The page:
Under Wisconsin law, a WKC-16-B certified practitioner’s report is admissible at trial as evidence of the diagnosis, necessity of the treatment, and cause and extent of the disability so long as the practitioner consents to and is available for cross examination . On November 8, 2017, the Court of Appeals (First District) held that a WKC-16-B is admissible if it is certified by a doctor licensed in the State of Wisconsin, regardless of the doctor’s status at the time of the hearing. American Family Mutual Insurance Company and Preferred Metal Products v. Robert Haas and LIRC, ( Appeal No. 2017AP59).
Robert Haas was injured at work on March 1, 2001. This accident was accepted as compensable, as was an initial surgery. On January 26, 2015, the ALJ held a hearing regarding the nature and extent of Haas’ injury. In dispute was liability for three e subsequent surgeries that were performed by Dr. Cully White in 2011. Dr. White completed a WKC-16-B on both May 4, 2011, and October 3, 2013. In each WKC-16-B, Dr. White related the need for the three disputed surgeries to the work injury. At trial, the employer objected to the admission of Dr. White’s WKC-16-B forms, arguing that they were inadmissible because Dr. White was no longer licensed to practice medicine (Dr. White voluntary surrendered his license to practice medicine in December 2013). The administrative law judge overruled the objection and allowed White’s 16-B reports into evidence and found White’s opinion more credible than the expert’s written report filed by the employer. The employer appealed. LIRC upheld the decision of the administrative law judge, and the circuit court upheld the decision of LIRC.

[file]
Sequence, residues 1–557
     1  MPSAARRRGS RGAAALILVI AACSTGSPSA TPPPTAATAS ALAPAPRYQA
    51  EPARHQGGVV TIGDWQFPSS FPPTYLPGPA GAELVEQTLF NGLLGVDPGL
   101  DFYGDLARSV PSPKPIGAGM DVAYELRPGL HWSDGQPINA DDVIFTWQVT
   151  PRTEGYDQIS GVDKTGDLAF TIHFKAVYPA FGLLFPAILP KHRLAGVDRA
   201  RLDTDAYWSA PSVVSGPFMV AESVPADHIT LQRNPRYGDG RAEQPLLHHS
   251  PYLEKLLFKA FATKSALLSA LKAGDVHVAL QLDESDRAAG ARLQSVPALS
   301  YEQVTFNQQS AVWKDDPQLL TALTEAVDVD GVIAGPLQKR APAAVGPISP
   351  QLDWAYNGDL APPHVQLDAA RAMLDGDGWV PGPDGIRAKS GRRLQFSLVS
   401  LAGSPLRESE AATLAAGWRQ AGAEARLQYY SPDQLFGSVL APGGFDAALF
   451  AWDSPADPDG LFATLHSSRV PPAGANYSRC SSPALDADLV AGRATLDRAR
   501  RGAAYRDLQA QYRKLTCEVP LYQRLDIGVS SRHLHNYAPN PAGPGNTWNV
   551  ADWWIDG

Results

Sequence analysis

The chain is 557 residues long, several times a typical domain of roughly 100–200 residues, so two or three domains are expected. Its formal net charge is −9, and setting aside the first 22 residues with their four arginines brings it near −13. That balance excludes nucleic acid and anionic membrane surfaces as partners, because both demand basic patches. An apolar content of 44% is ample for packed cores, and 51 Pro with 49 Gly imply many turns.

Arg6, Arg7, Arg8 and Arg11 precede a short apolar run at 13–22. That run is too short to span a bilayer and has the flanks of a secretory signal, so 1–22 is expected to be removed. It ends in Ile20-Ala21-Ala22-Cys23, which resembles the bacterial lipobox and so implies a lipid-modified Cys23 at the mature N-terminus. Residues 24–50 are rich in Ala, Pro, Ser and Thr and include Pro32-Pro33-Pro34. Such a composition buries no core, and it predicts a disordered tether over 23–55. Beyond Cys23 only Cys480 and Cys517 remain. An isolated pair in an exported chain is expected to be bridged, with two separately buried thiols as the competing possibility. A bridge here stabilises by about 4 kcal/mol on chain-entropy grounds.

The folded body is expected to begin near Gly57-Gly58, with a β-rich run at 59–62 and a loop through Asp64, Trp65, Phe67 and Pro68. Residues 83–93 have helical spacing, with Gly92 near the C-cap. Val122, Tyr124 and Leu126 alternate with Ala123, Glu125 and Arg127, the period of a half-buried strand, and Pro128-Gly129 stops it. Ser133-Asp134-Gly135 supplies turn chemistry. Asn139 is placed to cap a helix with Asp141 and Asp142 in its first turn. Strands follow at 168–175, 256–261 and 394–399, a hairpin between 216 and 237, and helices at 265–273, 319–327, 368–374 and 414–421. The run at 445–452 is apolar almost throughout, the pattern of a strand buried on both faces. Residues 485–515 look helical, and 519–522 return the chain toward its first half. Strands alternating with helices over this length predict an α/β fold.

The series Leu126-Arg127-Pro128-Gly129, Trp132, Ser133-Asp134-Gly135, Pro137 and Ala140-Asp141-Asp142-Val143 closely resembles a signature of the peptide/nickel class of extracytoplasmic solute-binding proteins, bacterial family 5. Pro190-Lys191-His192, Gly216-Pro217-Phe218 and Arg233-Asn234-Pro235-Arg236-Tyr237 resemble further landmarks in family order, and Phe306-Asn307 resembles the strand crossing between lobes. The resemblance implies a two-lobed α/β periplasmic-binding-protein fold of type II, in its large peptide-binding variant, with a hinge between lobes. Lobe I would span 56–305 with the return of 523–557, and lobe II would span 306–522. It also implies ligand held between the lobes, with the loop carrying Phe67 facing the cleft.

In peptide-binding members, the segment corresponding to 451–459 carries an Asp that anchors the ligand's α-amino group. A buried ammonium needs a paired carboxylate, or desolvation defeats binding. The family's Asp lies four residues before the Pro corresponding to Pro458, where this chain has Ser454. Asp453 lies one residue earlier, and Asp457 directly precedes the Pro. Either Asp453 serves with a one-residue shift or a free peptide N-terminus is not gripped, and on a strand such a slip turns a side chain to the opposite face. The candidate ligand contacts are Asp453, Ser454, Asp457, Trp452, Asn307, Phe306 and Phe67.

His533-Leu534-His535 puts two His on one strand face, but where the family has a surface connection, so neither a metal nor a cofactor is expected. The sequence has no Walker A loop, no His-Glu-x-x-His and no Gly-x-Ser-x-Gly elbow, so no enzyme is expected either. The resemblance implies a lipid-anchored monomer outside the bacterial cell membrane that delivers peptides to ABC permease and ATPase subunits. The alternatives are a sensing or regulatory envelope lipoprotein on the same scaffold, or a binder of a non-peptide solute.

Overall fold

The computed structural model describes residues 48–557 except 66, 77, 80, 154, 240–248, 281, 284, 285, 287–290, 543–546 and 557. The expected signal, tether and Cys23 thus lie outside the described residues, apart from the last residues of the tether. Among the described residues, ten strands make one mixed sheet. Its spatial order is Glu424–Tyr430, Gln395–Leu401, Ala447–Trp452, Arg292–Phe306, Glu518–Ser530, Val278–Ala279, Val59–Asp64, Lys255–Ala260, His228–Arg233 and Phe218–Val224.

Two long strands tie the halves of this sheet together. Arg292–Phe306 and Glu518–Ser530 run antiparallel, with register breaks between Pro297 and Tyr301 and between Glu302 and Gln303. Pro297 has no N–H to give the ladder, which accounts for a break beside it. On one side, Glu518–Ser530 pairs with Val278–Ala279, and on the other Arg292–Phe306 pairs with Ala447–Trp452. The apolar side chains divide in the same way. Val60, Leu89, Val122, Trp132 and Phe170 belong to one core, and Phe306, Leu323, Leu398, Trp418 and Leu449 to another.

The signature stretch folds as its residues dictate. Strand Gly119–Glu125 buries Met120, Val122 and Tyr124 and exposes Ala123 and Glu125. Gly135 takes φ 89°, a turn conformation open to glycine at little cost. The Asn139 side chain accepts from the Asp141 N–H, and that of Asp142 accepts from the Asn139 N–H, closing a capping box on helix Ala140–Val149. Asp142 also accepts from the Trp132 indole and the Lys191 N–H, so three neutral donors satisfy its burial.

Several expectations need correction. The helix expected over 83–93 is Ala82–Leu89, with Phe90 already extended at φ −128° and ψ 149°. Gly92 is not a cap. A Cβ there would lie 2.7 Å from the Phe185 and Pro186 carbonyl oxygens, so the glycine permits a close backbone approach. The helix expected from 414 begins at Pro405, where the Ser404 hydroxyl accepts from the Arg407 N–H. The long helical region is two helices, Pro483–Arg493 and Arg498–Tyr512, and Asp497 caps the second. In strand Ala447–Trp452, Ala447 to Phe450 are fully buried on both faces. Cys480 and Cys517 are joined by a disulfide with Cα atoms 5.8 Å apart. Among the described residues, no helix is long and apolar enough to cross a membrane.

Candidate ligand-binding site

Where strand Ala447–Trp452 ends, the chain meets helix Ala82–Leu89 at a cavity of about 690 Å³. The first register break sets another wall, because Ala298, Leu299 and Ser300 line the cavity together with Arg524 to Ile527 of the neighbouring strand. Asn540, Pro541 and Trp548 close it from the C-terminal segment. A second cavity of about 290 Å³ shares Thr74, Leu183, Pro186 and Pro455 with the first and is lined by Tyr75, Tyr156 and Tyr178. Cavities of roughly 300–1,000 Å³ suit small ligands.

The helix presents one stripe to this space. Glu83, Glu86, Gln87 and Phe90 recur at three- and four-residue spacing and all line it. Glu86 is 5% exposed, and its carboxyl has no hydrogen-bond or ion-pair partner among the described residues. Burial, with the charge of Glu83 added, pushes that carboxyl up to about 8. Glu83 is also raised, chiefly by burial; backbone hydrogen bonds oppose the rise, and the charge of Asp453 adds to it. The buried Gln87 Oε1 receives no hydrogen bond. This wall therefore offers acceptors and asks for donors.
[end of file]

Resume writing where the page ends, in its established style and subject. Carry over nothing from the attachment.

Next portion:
The Court of Appeals affirmed the judgement of the LIRC, noting that Wisconsin law requires only that the doctor certifying the WKC-16-B consents to being subjected to cross-examination. It noted that the employer did not subpoena nor seek to cross-examine White, and that there was no dispute that at the time White filed the 16-B reports, he was both licensed and practicing medicine. The Court found that the relevant time frame for matters contained in the 16-B reports is when they were written, and that there was no evidence in the records that Dr. White did not consent to being cross examined or that he was unavailable at trial. The Court did acknowledge that the lack of licensure and cause for same might be relevant to an opinion set forth in a WKC-16-B, but that this factgoes to weight, not admissibility.
In view of this decision, counsel for respondent would be well advised to assess the credentials and licensure status of a practitioner certifying a WKC-16-B well in advance of trial. For while lack of a license at the time of trial will not impact the admissibility of the WKC-16-B, the certifying doctor should be subpoenaed so that he/she can be cross examined as to the cause for lack of a license in order to impact the weight of any opinion rendered.
Thanks to Partner Scott McCain for bringing this case to our attention. Scott works out of the Chicago and Milwaukee offices of Inman and Fitzgibbons. If you have any questions about workers’ compensation claims in Wisconsin , please feel free to reach out to Scott.